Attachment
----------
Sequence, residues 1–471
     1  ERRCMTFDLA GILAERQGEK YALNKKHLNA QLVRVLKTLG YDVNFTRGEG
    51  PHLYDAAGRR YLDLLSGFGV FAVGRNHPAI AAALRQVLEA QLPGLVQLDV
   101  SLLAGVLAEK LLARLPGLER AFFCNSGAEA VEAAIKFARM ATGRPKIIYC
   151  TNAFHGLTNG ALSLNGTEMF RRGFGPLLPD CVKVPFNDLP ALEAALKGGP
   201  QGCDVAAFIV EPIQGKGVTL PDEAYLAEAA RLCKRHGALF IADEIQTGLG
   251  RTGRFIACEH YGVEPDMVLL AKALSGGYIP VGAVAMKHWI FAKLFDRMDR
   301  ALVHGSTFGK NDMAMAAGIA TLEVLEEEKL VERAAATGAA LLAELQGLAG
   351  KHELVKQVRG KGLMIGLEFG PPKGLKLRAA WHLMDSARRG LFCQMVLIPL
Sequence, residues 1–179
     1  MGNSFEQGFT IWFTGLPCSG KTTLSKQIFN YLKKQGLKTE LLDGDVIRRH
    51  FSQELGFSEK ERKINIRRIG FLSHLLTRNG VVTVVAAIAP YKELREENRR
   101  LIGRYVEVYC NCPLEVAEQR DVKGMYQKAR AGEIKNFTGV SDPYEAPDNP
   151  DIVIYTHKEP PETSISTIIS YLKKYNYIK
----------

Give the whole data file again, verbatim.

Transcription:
Sequence, residues 1–471
     1  ERRCMTFDLA GILAERQGEK YALNKKHLNA QLVRVLKTLG YDVNFTRGEG
    51  PHLYDAAGRR YLDLLSGFGV FAVGRNHPAI AAALRQVLEA QLPGLVQLDV
   101  SLLAGVLAEK LLARLPGLER AFFCNSGAEA VEAAIKFARM ATGRPKIIYC
   151  TNAFHGLTNG ALSLNGTEMF RRGFGPLLPD CVKVPFNDLP ALEAALKGGP
   201  QGCDVAAFIV EPIQGKGVTL PDEAYLAEAA RLCKRHGALF IADEIQTGLG
   251  RTGRFIACEH YGVEPDMVLL AKALSGGYIP VGAVAMKHWI FAKLFDRMDR
   301  ALVHGSTFGK NDMAMAAGIA TLEVLEEEKL VERAAATGAA LLAELQGLAG
   351  KHELVKQVRG KGLMIGLEFG PPKGLKLRAA WHLMDSARRG LFCQMVLIPL
Sequence, residues 1–179
     1  MGNSFEQGFT IWFTGLPCSG KTTLSKQIFN YLKKQGLKTE LLDGDVIRRH
    51  FSQELGFSEK ERKINIRRIG FLSHLLTRNG VVTVVAAIAP YKELREENRR
   101  LIGRYVEVYC NCPLEVAEQR DVKGMYQKAR AGEIKNFTGV SDPYEAPDNP
   151  DIVIYTHKEP PETSISTIIS YLKKYNYIK